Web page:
We spot a free table- a little circular one with two seats that’s just calling our name. At the last minute we grab our coats and champagne bucket and set up house, leaving the lovers some privacy.














The Show



moulin rouge in the present day



The lights go down… the music starts, suddenly the stage is lit, revealing lines of performers in glittering silver suits and glittering smiles to match.

They dance and sing in unison and the audience watches, awestruck. It continues like this…waiters top up our glasses, as lights turn off and on to reveal new scenes and new costumes: a circus dance, a medusa dance, a lioness dance and of course the notorious can-can.

Huge headdresses, and lots of bodies in little thongs, bare breasts and big white smiles. My favourite performance is a solo act- a blonde girl dives into a huge tank of water with snakes inside.

She dances in the water, her hair swirling around her in slow motion as the snakes weave around her body. It’s mesmerising.

Another solo act is a stocky man who does acrobatics to the menacing Moulin Rouge track ‘Roxanne’. The song roars out as his performance gets increasingly dangerous.

By this point we’re pleasantly smashed, and back onto wine having finished the champagne. I’m flirting too much with the waiter who asks what we’re doing after the show, and we’re whooping and cheering at the end of each performance in true joie de vivre spirit.

At one point a woman from a group on the table next to us asks if we could stop cheering so much as it’s distracting her from the performance. I guess you can take a girl out of England but you can’t take England out the girl (!)

It seems we are the liveliest table in attendance. I’m sure the 1890s crowd would’ve welcomed us with open arms. Like everything that becomes a novelty attraction, the Moulin Rouge is of course now something that people do to tick off the Paris must-see list.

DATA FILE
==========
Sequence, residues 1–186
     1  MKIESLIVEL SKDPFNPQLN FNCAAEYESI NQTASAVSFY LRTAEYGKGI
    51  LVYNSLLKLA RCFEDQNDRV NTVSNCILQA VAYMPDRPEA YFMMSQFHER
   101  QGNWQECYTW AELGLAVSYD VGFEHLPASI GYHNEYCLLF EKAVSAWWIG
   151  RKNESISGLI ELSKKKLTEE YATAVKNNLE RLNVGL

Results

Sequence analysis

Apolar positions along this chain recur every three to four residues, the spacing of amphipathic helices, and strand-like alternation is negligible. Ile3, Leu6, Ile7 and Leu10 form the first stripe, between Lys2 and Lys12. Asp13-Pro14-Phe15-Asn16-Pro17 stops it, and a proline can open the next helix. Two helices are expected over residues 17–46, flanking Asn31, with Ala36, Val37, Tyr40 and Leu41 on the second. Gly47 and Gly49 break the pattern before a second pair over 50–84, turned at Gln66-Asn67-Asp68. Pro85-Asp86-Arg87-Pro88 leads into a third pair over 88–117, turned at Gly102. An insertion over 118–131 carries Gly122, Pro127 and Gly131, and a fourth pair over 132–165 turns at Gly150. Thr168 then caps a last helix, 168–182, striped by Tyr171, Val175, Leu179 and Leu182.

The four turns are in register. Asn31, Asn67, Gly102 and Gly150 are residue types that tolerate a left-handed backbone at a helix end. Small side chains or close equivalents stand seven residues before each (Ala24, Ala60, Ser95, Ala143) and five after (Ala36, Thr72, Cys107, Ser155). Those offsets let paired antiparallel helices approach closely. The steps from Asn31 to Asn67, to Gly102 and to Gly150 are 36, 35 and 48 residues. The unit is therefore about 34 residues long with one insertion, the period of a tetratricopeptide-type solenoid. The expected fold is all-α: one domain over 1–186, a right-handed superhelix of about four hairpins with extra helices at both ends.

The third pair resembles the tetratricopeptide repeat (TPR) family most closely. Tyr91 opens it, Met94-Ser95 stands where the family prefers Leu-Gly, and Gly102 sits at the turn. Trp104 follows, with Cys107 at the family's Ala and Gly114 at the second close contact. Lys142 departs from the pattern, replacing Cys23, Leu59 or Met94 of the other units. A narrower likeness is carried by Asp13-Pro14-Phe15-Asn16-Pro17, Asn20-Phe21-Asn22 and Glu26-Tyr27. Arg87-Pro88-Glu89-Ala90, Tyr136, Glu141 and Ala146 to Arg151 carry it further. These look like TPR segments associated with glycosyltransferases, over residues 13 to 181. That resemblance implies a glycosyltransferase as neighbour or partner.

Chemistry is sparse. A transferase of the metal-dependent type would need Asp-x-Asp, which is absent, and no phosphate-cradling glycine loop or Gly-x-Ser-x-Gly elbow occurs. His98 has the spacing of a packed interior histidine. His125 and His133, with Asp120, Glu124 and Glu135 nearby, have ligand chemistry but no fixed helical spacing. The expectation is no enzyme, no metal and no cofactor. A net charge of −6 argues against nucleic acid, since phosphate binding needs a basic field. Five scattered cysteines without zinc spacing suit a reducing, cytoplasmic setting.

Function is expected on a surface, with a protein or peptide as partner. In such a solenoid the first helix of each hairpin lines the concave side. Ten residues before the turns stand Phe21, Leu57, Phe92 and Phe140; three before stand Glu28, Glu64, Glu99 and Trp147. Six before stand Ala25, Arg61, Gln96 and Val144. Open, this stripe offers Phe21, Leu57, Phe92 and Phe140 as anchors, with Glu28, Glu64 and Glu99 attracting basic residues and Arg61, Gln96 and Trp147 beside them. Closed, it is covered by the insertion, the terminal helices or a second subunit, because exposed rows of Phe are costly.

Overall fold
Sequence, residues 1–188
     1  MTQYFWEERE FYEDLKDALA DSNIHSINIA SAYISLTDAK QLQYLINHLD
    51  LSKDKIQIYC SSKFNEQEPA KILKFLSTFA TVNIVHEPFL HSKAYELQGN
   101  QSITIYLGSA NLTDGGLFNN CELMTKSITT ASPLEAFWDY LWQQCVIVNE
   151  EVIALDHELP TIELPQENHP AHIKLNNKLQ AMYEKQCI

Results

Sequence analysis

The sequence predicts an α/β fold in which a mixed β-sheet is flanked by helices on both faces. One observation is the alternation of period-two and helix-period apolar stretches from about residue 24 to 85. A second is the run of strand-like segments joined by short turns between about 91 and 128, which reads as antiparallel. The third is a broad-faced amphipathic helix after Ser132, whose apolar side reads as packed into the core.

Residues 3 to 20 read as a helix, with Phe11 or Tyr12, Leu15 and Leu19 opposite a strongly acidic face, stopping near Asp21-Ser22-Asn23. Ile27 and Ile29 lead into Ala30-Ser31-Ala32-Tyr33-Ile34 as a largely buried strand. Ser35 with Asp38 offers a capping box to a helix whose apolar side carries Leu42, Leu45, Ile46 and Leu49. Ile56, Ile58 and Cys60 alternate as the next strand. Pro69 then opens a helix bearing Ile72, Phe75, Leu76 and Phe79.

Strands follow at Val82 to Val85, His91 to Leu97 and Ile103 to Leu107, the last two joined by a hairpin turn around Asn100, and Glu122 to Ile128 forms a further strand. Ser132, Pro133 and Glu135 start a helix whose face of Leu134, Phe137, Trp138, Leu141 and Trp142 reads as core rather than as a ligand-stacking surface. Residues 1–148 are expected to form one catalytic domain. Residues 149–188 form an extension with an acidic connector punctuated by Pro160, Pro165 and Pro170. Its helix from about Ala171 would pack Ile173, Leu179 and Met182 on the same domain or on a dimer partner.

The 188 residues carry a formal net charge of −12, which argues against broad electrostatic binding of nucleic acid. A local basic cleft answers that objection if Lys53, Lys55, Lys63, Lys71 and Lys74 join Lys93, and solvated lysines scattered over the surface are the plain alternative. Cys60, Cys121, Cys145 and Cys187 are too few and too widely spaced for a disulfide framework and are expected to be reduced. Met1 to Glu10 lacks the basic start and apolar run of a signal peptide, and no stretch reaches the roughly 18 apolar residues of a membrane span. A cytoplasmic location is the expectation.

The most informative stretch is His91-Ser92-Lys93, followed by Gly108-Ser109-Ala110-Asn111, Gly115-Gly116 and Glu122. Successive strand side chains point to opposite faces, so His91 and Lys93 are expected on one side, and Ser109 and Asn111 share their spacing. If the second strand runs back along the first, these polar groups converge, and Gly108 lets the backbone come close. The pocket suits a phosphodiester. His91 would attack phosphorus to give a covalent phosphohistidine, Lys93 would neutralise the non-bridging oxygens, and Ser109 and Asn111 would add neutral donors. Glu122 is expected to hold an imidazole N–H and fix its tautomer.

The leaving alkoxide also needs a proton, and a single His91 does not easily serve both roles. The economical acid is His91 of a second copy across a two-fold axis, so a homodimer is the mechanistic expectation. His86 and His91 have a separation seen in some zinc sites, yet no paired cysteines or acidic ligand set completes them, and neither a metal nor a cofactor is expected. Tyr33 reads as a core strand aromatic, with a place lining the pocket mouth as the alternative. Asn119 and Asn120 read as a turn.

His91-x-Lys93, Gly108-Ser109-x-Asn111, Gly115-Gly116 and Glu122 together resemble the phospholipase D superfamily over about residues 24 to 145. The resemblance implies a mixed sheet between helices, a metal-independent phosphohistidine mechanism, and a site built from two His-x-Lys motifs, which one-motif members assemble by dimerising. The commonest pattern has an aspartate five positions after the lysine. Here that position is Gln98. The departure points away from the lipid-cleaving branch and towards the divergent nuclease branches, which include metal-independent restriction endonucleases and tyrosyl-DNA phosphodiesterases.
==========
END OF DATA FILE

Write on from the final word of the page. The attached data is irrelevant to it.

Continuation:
It’s not something they would likely normally do, and so the atmosphere isn’t quite like the bohemian, anything-goes vibe that seemed to have made it so special back in the day. But we should’ve expected this.

By the end of the show, I’m pretty blackout. We leave, and seemingly inspired by all the dancing,  I spot a makeshift podium with air vents blowing a breeze up from the ground and decide this is the time to have my Marilyn Monroe moment. 

I twirl around as the breeze from below blows my dress up and I push it down, feigning coyness. My friend films me. The Parisians watch with utter disdain, and eventually I lose my balance and fall to my demise in true Brit Abroad style. Time to get a taxi.










The Moulin…Beige?


The next morning we lie in bed and talk about the night.  The Moulin Rouge was once famous for its nonchalant, blasé attitude. This seems long lost.

Instead, the show felt quite mechanical and run-of-the-mill. Although we had a blast, I must admit that I’ve seen plenty of other burlesque shows that somehow had much more soul to them. 

Even though there were half naked dancers on stage, the show didn’t feel sexy. In fact, the performances seemed intentionally un-sensual. 

This too was expected as the modern day Moulin Rouge is open to all minors over the age of six.  As well as the slightly soulless vibe, we also agree on that the lack of diversity was kind of awful.

Whilst the dancers were great, every female body was the same- to the point that they were barely decipherable. On top of the fact that this is just not very cool, it also added to the sexlessness of the show.

Part of watch burlesque is subconsciously finding your eye drawn to a specific performer, whom attracts you the most; it’s just part of  the voyeuristic nature of humans.

This didn’t happen to me at the Moulin Rouge, because every performer looked identical-  long thin legs,  B-cup breasts and white, white skin.

The uniqueness and diversity of different bodies is part of the beauty, part of the erotica. Are big breasts or brown skin too explicit for the modern day Moulin Rouge? 

Nevertheless, as we sipped our hotel room instant coffee in bed with banging headaches, we decided  that we didn’t completely regret our visit.

The grandeur of the building alone was well worth it, not to mention the talent of the performers, the flirty waiters and the fact that, well, it was thee Moulin Rouge. But from sex-lover to sex-lover, don’t get your hopes up for too much spice.






adult entertainment
erotic dance



Iso is a writer and filmmaker based in East London. She is passionate about all things erotic and leads a sexy, shame-free life in hope that she can inspire others to do the same. Originally from a Northern seaside town, she is naturally drawn to the best things in life: candyfloss, trashy karaoke bars and heart-shaped sunglasses.